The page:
10. ^ Homosexuality, Hinduism & the Third Gender (A Summary)
  11. ^ Vaishnavism and homosexuality
  12. ^ a b c "India decriminalises gay sex in landmark verdict". Al Jazeera. 6 September 2018.
  13. ^ "'Xavier was aware of the brutality of the Inquisition'". Deccan Herald. Deccan Herald. 27 April 2010. Retrieved 18 September 2017.
  14. ^ Sharma, Jai (9 April 2015). "The Portuguese Inquisition in Goa: A brief history". Retrieved 18 September 2017.
  15. ^ Soyer, Francois (2012). Ambiguous Gender in Early Modern Spain and Portugal: Inquisitors, Doctors and the Transgression of Gender Norms. p. 45. ISBN 9789004225299. Retrieved 18 September 2017.
  16. ^ Kugle, Scott A (1 September 2011). Sufis and Saints' Bodies: Mysticism, Corporeality, and Sacred Power in Islam. Chapter 4 - Note 62-63: Univ of North Carolina Press. p. 309. ISBN 9780807872772. Retrieved 20 September 2017.
  17. ^ A digest of the Moohummudan law pp. 1-3 with footnotes, Neil Baillie, Smith Elder, London
  18. ^ "How did the Mughals view homosexuality?". History Stack Exchange.
  19. ^ Khalid, Haroon (17 June 2016). "From Bulleh Shah and Shah Hussain to Amir Khusro, same-sex references abound in Islamic poetry". Retrieved 7 September 2018.
  20. ^ "Sarmad Kashani Tomb in Jami Masjid, New Delhi, India - Archive -".
  21. ^ V. N. Datta (27 November 2012), Maulana Abul Kalam Azad and Sarman, ISBN 9788129126627, Walderman Hansen doubts whether sensual passions played any part in their love [sic]; puri doubts about their homosexual relationship
  22. ^ "Of Genizahs, Sufi Jewish Saints, and Forgotten Corners of History - UW Stroum Center for Jewish Studies". 1 March 2016.
  23. ^ Nagar, Ila; DasGupta, Debanuj (December 2015). "Public koti and private love: Section 377, religion, perversity and lived desire". Contemporary South Asia. 23 (4): 426. doi:10.1080/09584935.2015.1056092.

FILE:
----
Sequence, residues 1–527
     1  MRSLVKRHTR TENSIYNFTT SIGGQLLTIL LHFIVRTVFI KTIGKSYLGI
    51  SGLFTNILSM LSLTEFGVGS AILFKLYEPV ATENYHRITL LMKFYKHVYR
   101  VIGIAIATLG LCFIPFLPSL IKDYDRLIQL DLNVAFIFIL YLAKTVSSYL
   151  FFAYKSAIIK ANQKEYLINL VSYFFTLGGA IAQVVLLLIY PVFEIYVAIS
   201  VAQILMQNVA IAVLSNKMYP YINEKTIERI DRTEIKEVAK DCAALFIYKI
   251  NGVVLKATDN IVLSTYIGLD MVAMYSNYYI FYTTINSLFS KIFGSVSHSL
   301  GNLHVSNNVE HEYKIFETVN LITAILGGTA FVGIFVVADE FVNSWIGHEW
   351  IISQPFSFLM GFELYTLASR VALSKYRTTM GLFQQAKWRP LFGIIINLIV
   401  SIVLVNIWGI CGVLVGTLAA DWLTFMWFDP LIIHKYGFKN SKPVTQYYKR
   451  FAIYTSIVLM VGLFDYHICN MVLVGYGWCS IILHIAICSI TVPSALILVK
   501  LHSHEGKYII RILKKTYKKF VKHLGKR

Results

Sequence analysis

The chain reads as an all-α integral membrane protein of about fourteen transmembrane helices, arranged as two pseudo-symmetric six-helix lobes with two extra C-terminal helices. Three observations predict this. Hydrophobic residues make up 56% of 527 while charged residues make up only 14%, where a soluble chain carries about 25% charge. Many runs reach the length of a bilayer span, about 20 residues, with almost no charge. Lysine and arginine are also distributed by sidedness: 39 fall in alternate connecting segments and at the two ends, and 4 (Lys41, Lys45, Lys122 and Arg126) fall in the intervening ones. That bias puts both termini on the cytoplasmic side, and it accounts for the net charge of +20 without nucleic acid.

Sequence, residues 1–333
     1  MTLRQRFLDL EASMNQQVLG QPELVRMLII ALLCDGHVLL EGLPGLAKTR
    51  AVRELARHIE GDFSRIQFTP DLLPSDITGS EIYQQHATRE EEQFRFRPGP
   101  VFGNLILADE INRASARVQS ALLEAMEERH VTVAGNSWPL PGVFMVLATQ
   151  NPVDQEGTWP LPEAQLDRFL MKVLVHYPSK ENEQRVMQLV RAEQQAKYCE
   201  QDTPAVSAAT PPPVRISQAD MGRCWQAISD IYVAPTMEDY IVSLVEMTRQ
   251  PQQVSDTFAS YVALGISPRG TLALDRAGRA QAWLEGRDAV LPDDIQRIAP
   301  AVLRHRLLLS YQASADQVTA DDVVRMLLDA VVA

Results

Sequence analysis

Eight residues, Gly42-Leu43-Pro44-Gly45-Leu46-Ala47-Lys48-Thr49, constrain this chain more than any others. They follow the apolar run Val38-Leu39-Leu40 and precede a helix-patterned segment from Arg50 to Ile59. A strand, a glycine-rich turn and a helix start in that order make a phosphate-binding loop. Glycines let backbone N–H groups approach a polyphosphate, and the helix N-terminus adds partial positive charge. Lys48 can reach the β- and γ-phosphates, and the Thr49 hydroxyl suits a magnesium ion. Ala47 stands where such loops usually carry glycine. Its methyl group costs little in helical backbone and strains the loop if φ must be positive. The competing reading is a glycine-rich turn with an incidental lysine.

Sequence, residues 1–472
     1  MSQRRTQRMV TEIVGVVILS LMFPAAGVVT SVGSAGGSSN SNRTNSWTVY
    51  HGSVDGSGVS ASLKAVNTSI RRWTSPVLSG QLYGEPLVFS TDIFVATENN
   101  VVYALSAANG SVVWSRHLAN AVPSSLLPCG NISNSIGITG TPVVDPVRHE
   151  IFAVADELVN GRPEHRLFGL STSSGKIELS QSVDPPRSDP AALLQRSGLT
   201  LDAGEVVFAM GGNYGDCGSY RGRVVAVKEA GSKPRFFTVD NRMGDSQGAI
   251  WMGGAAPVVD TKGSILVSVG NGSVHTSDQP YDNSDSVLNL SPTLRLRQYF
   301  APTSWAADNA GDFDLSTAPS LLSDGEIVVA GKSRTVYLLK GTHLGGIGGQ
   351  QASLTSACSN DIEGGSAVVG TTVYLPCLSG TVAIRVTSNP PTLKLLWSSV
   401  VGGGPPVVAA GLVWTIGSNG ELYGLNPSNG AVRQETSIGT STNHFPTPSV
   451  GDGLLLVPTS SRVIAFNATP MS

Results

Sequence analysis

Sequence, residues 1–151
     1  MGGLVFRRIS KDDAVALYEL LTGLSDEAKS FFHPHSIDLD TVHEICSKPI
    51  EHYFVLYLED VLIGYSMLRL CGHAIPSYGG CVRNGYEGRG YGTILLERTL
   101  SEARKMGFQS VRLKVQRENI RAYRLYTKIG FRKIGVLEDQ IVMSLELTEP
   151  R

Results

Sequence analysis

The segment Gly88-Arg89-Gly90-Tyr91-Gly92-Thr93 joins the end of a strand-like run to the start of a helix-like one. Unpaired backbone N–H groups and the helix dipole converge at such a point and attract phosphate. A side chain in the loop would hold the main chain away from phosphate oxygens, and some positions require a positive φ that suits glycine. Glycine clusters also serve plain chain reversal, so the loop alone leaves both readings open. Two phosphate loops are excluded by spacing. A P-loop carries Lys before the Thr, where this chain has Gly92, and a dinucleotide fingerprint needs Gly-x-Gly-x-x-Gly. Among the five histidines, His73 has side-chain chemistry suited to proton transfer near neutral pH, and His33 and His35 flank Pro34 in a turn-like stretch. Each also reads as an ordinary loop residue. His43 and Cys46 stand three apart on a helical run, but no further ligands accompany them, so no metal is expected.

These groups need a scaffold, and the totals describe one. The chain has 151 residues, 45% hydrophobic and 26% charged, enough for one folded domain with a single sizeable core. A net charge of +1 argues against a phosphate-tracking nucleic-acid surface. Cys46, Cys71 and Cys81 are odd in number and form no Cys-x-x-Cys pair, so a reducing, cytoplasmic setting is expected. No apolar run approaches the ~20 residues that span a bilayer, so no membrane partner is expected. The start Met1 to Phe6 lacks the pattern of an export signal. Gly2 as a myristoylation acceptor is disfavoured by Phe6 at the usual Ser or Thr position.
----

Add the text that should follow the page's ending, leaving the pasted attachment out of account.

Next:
24. ^ Sathyanarayana Rao, T. S.; Jacob, K S (2014). "The reversal on Gay Rights in India". Indian Journal of Psychiatry. 56 (1): 1–2. doi:10.4103/0019-5545.124706. ISSN 0019-5545. PMC 3927237. PMID 24574551.
  25. ^ a b c d Suresh, Mayur (6 September 2018). "This is the start of a new era for India's LGBT communities | Mayur Suresh". The Guardian.
  26. ^ Nussbaum, Martha (2016). "Disgust or Equality? Sexual Orientation and Indian Law" (PDF). Journal of Indian Law and Society.
  27. ^ "India: The Indian Penal Code". World Intellectual Property Organization.
  28. ^ Kusum Ingots v. Union of India, (2004) 6 SCC 254: "An order passed on a writ petition questioning the constitutionality of a Parliamentary Act, whether interim or final, keeping in view the provisions contained in Clause (2) of Article 226 of the Constitution of India, will have effect throughout the territory of India subject of course to the applicability of the Act."
  29. ^ Pervez Iqbal Siddiqui (28 December 2010). "Crackdown on gay party in Saharanpur, 13 held". The Times of India. Retrieved 20 January 2011.
  30. ^ Mahapatra, Dhananjay (23 February 2012). "Centre opposes decriminalisation of homosexuality in SC". Economic Times. Times Internet. Retrieved 9 September 2014.
  31. ^ "Supreme Court pulls up Centre for flip-flop on homosexuality". The Indian Express. 28 February 2012. Retrieved 9 September 2014.
  32. ^ "Supreme Court sets aside Delhi High Court judgment in Naz Foundation; Declares S.377 to be constitutional".
  33. ^ Nelson, Dean (11 December 2013). "India's top court upholds law criminalising gay sex". London: The Telegraph. Retrieved 11 December 2013.
  34. ^ "Supreme Court makes gay sex punishable offence, again; Twitter war breaks out between those for and against the verdict". DNA India. 11 December 2013. Retrieved 11 December 2013.
  35. ^ Mahapatra, Dhananjay (12 December 2013). "Supreme Court makes homosexuality a crime again". The Times Of India.
  36. ^ "Sc Verdict on Article 377 - Homosexuality - Virtue". Scribd.